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No. of Recommendations: 6
It has occurred to me that we're getting close to going full circle. The time involved to get a bill paid online will soon not be worth saving the .39 stamp.

rad
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I hope the industry in general gets to a balance with a bit more usability than the current system.

Not likely given the current regulatory and marketing climate, where banks are rewarded for having the appearance of security, without regard for whether they have actual security. Making it difficult to get into the website is a great way to LOOK like you're secure, but this has little or no impact on actual security. E.g. *'ing out the password is useless -- crooks don't make typing mistakes, someone shoulder-surfing can easily look at what you're typing, and someone who is remotely viewing your screen could easily be viewing your keyboard.

I'm not at all impressed with the security questions, because the answers don't change. Someone just has to spot you entering them once (or keylogger), and then they're home free.
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No. of Recommendations: 7
In my experience as a web based business sytems architect and developer, I find myself always walking a fine line between balancing the need for security vs. usability and system performance. Just like in investing where you diversify to minimize risks without over-diversifying, the rule of diminishing returns always serve as a guideline.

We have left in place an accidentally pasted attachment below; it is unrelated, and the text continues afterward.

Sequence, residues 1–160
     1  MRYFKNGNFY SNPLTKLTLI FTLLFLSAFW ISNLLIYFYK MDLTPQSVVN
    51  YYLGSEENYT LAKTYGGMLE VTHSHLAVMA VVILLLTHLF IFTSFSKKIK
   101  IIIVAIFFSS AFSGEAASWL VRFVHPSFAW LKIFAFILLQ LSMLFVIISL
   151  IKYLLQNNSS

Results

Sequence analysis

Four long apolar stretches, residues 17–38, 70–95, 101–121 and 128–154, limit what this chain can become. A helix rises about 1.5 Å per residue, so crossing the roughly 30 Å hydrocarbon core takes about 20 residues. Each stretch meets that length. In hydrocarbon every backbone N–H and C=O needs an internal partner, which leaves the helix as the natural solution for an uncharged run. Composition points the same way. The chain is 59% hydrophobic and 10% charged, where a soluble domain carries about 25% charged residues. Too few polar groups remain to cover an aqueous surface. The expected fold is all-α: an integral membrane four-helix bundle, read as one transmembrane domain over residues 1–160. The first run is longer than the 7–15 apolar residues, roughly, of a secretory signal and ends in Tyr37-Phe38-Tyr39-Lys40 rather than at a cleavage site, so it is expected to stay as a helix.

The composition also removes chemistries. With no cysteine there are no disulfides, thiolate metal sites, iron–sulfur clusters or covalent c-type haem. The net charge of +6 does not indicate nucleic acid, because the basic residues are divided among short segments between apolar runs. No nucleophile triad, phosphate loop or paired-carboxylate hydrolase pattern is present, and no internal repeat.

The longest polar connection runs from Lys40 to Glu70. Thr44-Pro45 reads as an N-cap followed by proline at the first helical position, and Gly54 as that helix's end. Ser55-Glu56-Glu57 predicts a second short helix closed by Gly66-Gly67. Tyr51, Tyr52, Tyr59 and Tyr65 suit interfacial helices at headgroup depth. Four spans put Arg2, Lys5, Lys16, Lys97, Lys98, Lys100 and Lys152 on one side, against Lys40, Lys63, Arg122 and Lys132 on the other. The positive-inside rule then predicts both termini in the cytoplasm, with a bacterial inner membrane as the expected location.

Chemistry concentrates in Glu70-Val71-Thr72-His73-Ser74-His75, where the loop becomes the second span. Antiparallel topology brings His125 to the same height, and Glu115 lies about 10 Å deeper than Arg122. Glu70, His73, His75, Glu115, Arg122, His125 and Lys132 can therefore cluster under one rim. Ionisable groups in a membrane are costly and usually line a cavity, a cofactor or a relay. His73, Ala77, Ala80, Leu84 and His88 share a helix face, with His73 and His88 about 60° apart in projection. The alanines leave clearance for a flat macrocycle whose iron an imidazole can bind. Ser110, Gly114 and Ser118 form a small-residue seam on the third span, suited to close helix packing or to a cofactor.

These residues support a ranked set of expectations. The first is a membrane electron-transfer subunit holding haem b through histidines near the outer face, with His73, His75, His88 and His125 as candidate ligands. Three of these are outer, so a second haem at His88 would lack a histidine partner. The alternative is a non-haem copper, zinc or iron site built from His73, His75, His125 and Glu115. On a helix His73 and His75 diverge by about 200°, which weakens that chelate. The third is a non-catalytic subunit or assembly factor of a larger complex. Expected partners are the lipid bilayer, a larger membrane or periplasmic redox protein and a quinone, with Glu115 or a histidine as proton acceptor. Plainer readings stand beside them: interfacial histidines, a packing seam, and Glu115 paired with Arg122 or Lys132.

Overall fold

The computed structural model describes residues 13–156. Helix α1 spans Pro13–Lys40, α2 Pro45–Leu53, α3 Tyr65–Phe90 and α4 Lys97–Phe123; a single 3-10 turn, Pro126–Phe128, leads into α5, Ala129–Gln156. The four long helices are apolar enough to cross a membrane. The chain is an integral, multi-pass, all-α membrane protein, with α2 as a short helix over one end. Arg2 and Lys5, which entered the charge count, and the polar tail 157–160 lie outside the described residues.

Given web applications, you eliminate most of your security risks my using SSL and a combination of UserId/password enforced with strict rules such as long passwords (at least 8 characters) and account lockout for failed login attempts. Any additional requirements will impact system performance and usability for minimal gains in security.

A rule of thumb is that a system is only as secure as the users of that system. If you implement security features that starts to intrude upon or hinders the users, the users will, by nature, adopt riskier behaviors such as selecting less safe security keys or even writing down the keys. For example, with EmigrantDirect, a user may select their 5 security questions as follow,

1. What comes after "A"?
2. What comes after "B"?
3. What comes after "C"?
4. Waht comes after "D"?
5. What comes after "E"?

This behavior will make it easier to remember and type the answers just to login! Also, the more intrusive and less usable the system, the higher your customer service costs. I have a feeling that EmigrantDirect will now spend more to address lockout accounts or forgotten security keys than before.

I read in a previous post that the implementation of entering your user id on a separate page by EmigrantDirect and ING is a result of some new FDIC/Fderal Reserve banking law that is to be implemented in the near future. IMHO, this is less secure since a hacker now only has to hack the ID first to know that it is a valid ID. With a UserId/Password combination, if designed properly, a hacker would need to guess correctly both the user id and password simultaneously, a much more difficult task.